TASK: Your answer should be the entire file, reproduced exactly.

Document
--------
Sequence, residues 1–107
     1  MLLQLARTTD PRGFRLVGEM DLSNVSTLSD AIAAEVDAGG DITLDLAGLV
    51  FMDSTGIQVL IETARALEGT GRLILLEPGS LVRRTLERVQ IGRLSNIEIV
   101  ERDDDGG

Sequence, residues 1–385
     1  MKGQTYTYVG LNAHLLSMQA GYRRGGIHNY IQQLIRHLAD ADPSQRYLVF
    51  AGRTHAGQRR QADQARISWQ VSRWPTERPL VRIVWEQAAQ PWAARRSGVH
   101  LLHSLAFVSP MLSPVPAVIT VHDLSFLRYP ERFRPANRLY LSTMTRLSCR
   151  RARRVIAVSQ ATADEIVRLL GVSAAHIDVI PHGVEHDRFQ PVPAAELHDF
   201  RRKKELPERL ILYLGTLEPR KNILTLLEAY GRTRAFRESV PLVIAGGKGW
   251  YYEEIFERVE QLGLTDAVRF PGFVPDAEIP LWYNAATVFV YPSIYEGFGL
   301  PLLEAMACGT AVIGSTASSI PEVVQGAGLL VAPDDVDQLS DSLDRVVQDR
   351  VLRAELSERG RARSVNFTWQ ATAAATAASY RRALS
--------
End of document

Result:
Sequence, residues 1–107
     1  MLLQLARTTD PRGFRLVGEM DLSNVSTLSD AIAAEVDAGG DITLDLAGLV
    51  FMDSTGIQVL IETARALEGT GRLILLEPGS LVRRTLERVQ IGRLSNIEIV
   101  ERDDDGG

Sequence, residues 1–385
     1  MKGQTYTYVG LNAHLLSMQA GYRRGGIHNY IQQLIRHLAD ADPSQRYLVF
    51  AGRTHAGQRR QADQARISWQ VSRWPTERPL VRIVWEQAAQ PWAARRSGVH
   101  LLHSLAFVSP MLSPVPAVIT VHDLSFLRYP ERFRPANRLY LSTMTRLSCR
   151  RARRVIAVSQ ATADEIVRLL GVSAAHIDVI PHGVEHDRFQ PVPAAELHDF
   201  RRKKELPERL ILYLGTLEPR KNILTLLEAY GRTRAFRESV PLVIAGGKGW
   251  YYEEIFERVE QLGLTDAVRF PGFVPDAEIP LWYNAATVFV YPSIYEGFGL
   301  PLLEAMACGT AVIGSTASSI PEVVQGAGLL VAPDDVDQLS DSLDRVVQDR
   351  VLRAELSERG RARSVNFTWQ ATAAATAASY RRALS